The 5 Golden Rules for Finding Online Gigs

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Posted by The Savvy Retiree on May 29, 2020 in Make Money

When I started freelancing about 15 years ago, the farthest thing from my mind was adventure and freedom. I just wanted off the corporate treadmill.

When I decided to make the break, I printed up business cards, went to Chamber of Commerce meetings hoping to find clients that would need my services, and started pestering anybody I knew who I thought would give me freelance assignments.

This led to what seems like thousands of awkward moments, sweaty palms, and thoughts of, “Oh my God, I’ll never be able to freelance.”

It was a long, hard slog back then.

Things are different today.

Today, I don’t recommend business cards but tapping into systems that are already seeking your skills, and finding your client pool online…no awkward visits to chamber meetings required.

Here are a few simple insights into the freelancing world that will help you down the path to a global client base. Following these strategies will boost your freelancing to a new level (and avoid some of the bumps and bruises I got figuring this out).

1. Instead of chasing clients, let clients come to you

Today there are over 100 online marketplaces for freelance services, filled with millions of buyers who want all kinds of work done—from simple things like writing, proofreading, and editing to more complex assignments like photography, video editing, graphic design, and pretty much everything in between you could imagine. Once you establish yourself on these marketplaces, clients will find you.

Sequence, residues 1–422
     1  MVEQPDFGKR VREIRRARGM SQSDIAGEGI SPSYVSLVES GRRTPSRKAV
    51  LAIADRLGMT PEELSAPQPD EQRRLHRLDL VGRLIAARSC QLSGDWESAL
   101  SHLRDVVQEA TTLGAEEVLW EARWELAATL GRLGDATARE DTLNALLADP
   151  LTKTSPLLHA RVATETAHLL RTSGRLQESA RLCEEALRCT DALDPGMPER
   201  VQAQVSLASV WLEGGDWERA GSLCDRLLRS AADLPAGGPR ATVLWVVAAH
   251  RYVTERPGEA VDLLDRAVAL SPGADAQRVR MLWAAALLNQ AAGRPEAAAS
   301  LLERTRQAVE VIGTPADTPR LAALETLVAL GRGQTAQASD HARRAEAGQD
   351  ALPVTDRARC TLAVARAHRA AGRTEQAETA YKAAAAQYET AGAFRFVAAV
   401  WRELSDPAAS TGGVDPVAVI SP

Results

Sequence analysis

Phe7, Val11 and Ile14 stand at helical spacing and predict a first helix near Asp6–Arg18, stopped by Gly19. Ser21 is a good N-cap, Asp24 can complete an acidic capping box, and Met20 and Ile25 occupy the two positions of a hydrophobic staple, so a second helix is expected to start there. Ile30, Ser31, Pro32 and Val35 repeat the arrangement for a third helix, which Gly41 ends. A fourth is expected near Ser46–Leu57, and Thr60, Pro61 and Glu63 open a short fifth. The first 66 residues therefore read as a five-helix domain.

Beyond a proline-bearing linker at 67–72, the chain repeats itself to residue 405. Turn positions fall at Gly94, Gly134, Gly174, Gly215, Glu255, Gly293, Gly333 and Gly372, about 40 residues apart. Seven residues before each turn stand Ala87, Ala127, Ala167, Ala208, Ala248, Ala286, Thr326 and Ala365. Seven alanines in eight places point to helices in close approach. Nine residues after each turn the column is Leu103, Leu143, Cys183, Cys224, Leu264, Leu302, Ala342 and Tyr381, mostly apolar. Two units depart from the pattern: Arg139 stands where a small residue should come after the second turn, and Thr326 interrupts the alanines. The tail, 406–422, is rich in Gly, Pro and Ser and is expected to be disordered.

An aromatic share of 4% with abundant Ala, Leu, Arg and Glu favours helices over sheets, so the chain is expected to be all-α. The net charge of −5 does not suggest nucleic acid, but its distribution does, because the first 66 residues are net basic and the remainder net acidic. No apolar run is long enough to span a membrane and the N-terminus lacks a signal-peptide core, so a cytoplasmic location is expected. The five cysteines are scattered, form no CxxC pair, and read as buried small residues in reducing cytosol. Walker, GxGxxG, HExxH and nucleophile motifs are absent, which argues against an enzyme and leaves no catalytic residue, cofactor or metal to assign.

2. Start with simple assignments

This is especially important to the baby boomer who may have never freelanced before. Building your confidence on small, simple assignments (usually less than an hour or two for you to complete) is the way to quickly grow your freelancing prowess and client base. 

3. Think globally in terms of clients

The big challenge with starting a freelance business is the size of your “pond” of prospective clients. So why limit your prospective clients to just the city you are in? Today, if you tap into online freelance marketplaces, your skills can lead you to assignments around the world. The beauty of online freelancing is that you don’t need to be in the same country as your clients, so the world is your oyster.

4. Focus on building your reputation

Because your clients rate you on the work you do, you can quickly build a good reputation online by performing reliable, high-quality work. As other buyers see your reputation grow, they seek you out. Buyers are always on the hunt for fresh creative talent that they can rely on. If you join the “right” online networks and garner good reviews from the clients you work with, the network will promote you to clients you would never otherwise encounter. 

5. Remember to embrace the flexibility

More companies than ever before are turning to freelance talent. They love the flexibility it gives them, the bigger talent pool, and the ability to hire people with more specific skills. And they usually don’t require you to show up to a place. You can typically work on your own schedule from wherever you’d like to do the work. And you have more control over deadlines than ever before. As you get started in freelancing, it’s important to put in the work—but it’s also important to start enjoying the flexibility the work gives you in your own life. You’re not commuting to an office to spend the same eight hour period there every day. Embrace this freedom and it will keep you motivated to make online freelancing work for you.

Now the downside…

These remarkable new freelance systems come with a few barriers to entry for many baby boomers. 

All of the speed bumps are relatively easy to overcome with a little training and insight, but our 30+ year careers have some baggage associated with them that we boomers need to jettison.

The goal is to marshal your resources, shed the irrelevant skills, and create a lean, mean portable income that provides more than just a paycheck, but a life of interest, meaning, and adventure.

Written by Winton Churchill